Of course, lousy American schools and a paltry market of marriageable men are also serious impediments for mobility, as are the chaos and stress of life in poor neighborhoods. But you know what's even worse? Letting poor girls think they're going to be losers whether they have a baby or not.

Follow @CNNOpinion on Twitter.

Join us at Facebook/CNNOpinion.

ADVERTISEMENT
Part of complete coverage on
updated 6:03 PM EDT, Tue August 19, 2014
It used to be billy clubs, fire hoses and snarling German shepherds. Now it's armored personnel carriers and flash-bang grenades, writes Kara Dansky.
updated 1:27 PM EDT, Wed August 20, 2014
Maria Haberfeld: People who are unfamiliar with police work can reasonably ask, why was an unarmed man shot so many times, and why was deadly force used at all?
updated 5:52 PM EDT, Mon August 18, 2014
Ruben Navarrette notes that this fall, minority students will outnumber white students at America's public schools.
updated 5:21 PM EDT, Tue August 19, 2014
Humans have driven to extinction four marine mammal species in modern times. As you read this, we are on the brink of losing the fifth, write three experts.
updated 7:58 AM EDT, Tue August 19, 2014
It's been ten days since Michael Brown was killed, and his family is still waiting for information from investigators about what happened to their young man, writes Mel Robbins
updated 1:23 PM EDT, Wed August 20, 2014
Sally Kohn says the Ferguson protests reflect broader patterns of racial injustice across the country, from chronic police violence and abuse against black men to the persistent economic and social exclusion of communities of color.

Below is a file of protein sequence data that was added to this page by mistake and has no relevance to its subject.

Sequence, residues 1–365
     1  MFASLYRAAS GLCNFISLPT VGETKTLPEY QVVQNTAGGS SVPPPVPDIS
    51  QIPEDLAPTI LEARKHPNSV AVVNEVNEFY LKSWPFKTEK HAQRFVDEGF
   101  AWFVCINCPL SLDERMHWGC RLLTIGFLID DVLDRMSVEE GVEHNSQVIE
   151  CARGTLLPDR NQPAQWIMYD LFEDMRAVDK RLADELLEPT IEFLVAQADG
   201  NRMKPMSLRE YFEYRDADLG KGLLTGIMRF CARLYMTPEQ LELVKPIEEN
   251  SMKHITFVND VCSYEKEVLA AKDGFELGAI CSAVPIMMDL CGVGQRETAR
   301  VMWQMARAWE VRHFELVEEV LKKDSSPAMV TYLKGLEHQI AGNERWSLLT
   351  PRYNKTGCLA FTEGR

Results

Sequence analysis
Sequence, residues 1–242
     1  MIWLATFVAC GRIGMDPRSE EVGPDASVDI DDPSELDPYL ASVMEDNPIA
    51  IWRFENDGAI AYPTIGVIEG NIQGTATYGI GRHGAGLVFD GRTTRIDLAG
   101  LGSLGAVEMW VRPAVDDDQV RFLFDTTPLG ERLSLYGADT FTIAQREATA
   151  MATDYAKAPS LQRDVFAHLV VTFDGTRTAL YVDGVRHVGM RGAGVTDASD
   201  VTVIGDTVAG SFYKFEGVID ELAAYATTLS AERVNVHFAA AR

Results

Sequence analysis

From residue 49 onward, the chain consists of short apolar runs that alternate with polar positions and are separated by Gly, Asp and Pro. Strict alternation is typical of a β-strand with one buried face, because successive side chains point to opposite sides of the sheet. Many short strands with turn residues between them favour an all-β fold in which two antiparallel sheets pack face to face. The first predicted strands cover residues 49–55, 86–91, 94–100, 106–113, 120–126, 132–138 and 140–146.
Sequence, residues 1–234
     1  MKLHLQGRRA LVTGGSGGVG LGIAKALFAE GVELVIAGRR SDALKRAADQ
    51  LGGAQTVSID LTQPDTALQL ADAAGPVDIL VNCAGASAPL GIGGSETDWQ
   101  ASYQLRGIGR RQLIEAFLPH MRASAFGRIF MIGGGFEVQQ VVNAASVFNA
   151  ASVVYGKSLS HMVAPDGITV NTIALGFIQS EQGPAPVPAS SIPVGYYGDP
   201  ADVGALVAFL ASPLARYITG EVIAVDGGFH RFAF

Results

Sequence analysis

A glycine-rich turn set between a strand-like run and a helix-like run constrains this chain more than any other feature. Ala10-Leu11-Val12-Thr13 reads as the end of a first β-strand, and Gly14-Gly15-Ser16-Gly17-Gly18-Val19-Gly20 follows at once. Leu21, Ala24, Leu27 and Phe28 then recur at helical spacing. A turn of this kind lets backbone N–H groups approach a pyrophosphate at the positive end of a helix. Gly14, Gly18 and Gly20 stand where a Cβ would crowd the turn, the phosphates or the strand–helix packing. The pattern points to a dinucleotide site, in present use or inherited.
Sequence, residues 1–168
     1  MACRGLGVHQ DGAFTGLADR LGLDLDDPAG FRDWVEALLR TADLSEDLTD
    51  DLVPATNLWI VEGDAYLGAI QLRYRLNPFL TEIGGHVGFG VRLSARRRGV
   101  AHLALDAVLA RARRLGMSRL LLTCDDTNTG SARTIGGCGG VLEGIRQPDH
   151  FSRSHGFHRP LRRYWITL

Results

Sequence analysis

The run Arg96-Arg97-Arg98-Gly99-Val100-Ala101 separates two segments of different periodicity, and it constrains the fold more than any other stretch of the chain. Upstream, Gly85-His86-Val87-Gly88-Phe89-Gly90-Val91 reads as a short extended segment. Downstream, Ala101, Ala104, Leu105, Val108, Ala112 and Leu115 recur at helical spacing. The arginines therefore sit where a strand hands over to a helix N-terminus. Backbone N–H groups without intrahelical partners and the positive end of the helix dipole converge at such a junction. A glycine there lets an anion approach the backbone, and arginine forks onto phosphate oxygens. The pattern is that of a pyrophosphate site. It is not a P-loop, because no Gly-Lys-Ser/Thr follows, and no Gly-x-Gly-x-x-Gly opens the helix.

updated 8:42 AM EDT, Mon August 18, 2014
The former U.K. prime minister and current U.N. envoy says there are 500 days left to fulfill the Millennium Goals' promise to children.
updated 9:10 AM EDT, Mon August 18, 2014
Julian Zelizer says the left mistrusts Clinton but there are ways she can win support from liberals in 2016
updated 1:38 PM EDT, Wed August 20, 2014
Peter Bergen says the terror group is a huge threat in Iraq but only a potential one in the U.S.
updated 1:34 PM EDT, Sat August 16, 2014
Mark O'Mara says the way cops, media, politicians and protesters have behaved since Michael Brown's shooting shows not all the right people have learned the right lessons
updated 11:23 AM EDT, Sun August 17, 2014
Retired Lt. Gen. Mark Hertling says the American military advisers in Iraq are sizing up what needs to be done and recommending accordingly
updated 3:41 PM EDT, Fri August 15, 2014
Marc Lamont Hill says the President's comments on the Michael Brown shooting ignored its racial implications